Structural changes are being proposed to Slovenia’s agricultural land policy to incentivize young farmers to purchase and lease agricultural land and increase food self-sufficiency. Many companies strongly oppose some of these proposals.
The Slovenian Ministry of Agriculture, Forestry and Food (MAFF) recently proposed amendments to three interconnected acts in the area of Agricultural Land Policy. We will focus on the most important of these proposed changes, some of which have encountered strong opposition.
MAFF is proposing an increase in the amount of compensation due to any change in the purpose of agricultural land by 100% from what is currently required. It is also proposing to extend the obligation to pay compensation to categories of agricultural land previously exempt from this obligation. As a result, if the proposal is adopted, building on agricultural land will cost more than it does now, and the obligation will apply to more kinds of agricultural land than now.
MAFF is also proposing to change the Policy of Agricultural Land by improving the ability of young farmers to lease state-owned agricultural land by offering them areas gradually taken away from large leaseholders (i.e. those who lease more than 100 hectares) at the expiration of the lease. First, they would take 5%, in ten years they would take an additional 7%, and in the next ten years another 10% of the surface. For large leaseholders (mainly agricultural companies) this of course means a land loss. For example, a company leasing 500 hectares would lose a total of approximately 100 hectares.
Legal limitations apply to sale and lease transactions of agricultural land with a number of pre-emptive beneficiaries. The proposed changes also relate to the order of the pre-emptive beneficiaries, both for lease and for purchase of agricultural land, with special attention paid to young farmers, who are now placed higher in the chain. The changes proposed by MAFF are designed to encourage the generational renovation of farms, as young farmers are, in many cases, currently unable to obtain agricultural land due to restrictive legislation.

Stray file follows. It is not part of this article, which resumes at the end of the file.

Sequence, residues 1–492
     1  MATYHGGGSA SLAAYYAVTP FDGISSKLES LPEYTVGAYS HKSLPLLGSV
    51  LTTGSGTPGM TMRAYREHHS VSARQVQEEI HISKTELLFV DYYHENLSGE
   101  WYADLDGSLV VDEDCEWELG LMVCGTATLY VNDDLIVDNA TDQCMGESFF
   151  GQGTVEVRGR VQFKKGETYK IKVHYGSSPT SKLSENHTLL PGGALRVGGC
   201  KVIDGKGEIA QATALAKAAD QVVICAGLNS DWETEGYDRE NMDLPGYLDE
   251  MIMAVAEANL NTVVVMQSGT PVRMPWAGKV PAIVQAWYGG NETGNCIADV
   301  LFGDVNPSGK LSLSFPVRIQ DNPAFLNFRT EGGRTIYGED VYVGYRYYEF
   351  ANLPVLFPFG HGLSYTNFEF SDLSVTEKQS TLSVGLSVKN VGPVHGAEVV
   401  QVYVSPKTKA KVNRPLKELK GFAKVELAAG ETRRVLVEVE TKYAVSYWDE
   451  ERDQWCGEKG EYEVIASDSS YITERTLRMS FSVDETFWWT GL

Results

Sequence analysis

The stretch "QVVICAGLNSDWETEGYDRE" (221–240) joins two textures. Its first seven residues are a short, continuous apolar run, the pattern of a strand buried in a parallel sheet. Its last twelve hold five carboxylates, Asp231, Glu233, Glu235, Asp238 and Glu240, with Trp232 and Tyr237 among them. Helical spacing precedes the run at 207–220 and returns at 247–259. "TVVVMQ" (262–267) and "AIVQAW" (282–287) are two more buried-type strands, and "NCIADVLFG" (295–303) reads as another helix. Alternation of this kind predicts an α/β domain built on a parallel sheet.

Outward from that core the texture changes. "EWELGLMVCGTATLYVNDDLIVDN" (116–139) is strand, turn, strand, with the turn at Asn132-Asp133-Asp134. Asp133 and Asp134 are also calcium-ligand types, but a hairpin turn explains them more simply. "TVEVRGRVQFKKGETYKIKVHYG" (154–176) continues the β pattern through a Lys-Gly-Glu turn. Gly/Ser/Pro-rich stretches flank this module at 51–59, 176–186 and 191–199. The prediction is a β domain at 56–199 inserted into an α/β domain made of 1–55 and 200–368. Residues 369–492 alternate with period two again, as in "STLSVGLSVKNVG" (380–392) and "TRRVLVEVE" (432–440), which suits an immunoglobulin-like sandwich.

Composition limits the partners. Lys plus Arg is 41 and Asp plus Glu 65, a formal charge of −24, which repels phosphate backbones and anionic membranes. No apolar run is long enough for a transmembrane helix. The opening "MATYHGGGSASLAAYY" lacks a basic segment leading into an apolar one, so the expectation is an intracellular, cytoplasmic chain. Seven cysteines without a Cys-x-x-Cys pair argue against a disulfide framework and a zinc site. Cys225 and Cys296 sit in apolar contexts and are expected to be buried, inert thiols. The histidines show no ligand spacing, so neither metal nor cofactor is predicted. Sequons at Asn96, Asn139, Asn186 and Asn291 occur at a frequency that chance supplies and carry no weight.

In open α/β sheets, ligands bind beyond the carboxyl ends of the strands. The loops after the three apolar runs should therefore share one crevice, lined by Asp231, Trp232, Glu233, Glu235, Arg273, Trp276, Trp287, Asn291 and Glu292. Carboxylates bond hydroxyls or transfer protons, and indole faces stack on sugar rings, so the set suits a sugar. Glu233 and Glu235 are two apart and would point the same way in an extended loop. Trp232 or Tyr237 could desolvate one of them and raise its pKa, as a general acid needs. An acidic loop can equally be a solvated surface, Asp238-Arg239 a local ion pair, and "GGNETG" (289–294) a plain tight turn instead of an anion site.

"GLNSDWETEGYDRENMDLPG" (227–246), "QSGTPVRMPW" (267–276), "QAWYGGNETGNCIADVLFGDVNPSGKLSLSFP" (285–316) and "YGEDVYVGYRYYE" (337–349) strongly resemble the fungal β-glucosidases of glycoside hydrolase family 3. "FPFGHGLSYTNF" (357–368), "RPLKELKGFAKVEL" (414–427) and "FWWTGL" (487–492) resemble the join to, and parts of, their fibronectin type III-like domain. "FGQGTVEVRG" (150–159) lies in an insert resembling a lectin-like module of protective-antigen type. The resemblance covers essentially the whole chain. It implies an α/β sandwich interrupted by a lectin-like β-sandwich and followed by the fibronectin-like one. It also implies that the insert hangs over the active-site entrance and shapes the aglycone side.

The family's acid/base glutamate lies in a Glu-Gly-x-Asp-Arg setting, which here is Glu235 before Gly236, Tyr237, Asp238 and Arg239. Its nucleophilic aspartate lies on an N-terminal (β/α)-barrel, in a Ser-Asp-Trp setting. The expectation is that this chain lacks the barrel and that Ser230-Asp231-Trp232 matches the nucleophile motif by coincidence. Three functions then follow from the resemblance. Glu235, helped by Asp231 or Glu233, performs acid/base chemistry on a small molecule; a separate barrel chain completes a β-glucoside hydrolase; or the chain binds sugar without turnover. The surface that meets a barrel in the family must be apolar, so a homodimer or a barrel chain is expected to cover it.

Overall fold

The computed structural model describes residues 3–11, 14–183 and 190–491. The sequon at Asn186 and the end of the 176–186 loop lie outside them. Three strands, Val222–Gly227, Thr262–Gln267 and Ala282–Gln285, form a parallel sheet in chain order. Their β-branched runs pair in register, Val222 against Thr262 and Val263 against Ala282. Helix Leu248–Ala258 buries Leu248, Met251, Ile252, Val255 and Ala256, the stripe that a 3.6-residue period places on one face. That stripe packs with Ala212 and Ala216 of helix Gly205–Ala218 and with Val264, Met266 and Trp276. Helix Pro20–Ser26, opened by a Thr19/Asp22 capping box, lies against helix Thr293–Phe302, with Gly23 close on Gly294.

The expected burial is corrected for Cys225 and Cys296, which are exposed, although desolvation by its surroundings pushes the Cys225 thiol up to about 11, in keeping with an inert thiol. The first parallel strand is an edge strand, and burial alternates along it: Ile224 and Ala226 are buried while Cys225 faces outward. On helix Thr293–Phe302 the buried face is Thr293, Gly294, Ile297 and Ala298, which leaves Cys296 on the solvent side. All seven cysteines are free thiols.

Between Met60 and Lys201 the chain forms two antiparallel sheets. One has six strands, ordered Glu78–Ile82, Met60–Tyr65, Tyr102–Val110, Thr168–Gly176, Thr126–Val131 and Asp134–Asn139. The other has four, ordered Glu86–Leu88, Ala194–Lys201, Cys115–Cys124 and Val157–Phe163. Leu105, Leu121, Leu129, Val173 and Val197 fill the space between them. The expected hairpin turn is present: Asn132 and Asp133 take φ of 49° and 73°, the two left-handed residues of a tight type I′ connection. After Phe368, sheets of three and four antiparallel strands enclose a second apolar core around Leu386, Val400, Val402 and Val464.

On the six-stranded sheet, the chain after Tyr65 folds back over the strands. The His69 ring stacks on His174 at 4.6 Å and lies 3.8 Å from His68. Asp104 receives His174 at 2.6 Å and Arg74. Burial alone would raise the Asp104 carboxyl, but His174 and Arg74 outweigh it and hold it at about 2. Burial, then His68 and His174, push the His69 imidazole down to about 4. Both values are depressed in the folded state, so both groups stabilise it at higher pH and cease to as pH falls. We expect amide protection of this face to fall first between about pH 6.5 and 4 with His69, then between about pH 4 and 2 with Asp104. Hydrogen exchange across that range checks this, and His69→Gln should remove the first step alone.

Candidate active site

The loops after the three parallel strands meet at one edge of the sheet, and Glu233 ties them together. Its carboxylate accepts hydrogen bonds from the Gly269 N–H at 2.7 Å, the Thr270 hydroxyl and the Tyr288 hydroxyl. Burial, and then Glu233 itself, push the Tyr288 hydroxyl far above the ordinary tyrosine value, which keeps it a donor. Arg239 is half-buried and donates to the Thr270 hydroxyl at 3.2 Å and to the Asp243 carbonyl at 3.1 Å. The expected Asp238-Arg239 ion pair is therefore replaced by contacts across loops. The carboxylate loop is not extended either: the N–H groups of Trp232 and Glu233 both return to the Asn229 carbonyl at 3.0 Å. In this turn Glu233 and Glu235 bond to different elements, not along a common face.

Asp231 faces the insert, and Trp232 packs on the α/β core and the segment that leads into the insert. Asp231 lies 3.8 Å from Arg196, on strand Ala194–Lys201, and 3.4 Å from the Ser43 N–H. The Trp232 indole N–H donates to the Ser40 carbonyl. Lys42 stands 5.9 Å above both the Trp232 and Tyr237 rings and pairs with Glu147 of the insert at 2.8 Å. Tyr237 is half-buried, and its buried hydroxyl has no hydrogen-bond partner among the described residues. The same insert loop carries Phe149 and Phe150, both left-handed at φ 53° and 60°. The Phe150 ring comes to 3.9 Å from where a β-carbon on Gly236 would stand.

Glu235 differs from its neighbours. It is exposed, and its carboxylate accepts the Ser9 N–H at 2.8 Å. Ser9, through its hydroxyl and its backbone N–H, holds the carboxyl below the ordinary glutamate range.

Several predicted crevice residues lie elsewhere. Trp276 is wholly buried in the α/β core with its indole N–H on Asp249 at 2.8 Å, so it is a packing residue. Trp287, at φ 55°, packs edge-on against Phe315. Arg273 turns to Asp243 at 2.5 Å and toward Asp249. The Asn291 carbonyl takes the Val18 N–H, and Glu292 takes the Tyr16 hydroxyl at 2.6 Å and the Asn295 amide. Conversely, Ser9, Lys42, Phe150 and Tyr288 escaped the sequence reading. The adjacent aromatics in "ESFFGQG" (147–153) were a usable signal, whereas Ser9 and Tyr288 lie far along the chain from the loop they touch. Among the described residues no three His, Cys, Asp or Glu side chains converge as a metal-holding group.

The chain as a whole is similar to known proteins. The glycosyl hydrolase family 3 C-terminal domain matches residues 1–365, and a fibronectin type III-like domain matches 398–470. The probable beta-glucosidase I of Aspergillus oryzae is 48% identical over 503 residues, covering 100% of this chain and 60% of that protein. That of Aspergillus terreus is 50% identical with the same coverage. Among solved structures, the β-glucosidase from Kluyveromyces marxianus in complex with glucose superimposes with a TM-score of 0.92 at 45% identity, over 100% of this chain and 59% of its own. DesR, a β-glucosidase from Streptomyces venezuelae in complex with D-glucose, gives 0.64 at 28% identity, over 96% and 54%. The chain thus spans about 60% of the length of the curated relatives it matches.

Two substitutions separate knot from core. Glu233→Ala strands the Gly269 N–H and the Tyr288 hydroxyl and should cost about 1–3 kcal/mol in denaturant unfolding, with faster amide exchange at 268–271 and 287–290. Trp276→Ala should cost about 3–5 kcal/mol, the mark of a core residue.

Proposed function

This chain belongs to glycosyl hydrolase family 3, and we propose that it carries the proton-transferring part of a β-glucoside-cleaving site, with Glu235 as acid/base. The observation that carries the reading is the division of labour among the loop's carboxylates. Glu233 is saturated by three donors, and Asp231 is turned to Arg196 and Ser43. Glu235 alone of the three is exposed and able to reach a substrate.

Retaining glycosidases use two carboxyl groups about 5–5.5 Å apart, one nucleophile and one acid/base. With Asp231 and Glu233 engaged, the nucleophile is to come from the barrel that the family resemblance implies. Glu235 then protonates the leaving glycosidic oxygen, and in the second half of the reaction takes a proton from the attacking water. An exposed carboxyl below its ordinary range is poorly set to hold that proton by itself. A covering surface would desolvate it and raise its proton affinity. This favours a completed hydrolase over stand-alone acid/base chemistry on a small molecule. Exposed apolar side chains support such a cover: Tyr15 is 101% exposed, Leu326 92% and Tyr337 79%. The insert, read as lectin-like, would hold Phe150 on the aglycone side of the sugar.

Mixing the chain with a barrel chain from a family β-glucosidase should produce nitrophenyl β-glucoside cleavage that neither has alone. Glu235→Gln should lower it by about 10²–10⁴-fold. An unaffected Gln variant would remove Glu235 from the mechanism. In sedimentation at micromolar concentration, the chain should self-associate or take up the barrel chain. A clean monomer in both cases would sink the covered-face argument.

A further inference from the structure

Unsurprisingly, some of MAFF’s proposals face strong opposition from agricultural companies, which oppose the planned limitation of lease of state-owned agricultural land to a maximum of 100 hectares (1 square km). They also oppose the gradual withdrawal of land, which is likely to affect their individual business activities. The limitations being proposed could thus limit the business development of large and mid-size agricultural companies.
The draft act is currently in public discussion until the end of May, with the public able to comment and propose amendments. A number of responses are expected. MAFF will be expected to find a compromise between the requests of small farmers who expect better access to agricultural land, and agricultural companies which expect legislation that will not impede their business development.
By Andrej Kirm, Partner, and Sara Mauser, Legal Associate, Kirm Perpar
This Article was originally published in Issue 6.5 of the CEE Legal Matters Magazine. If you would like to receive a hard copy of the magazine, you can subscribe here.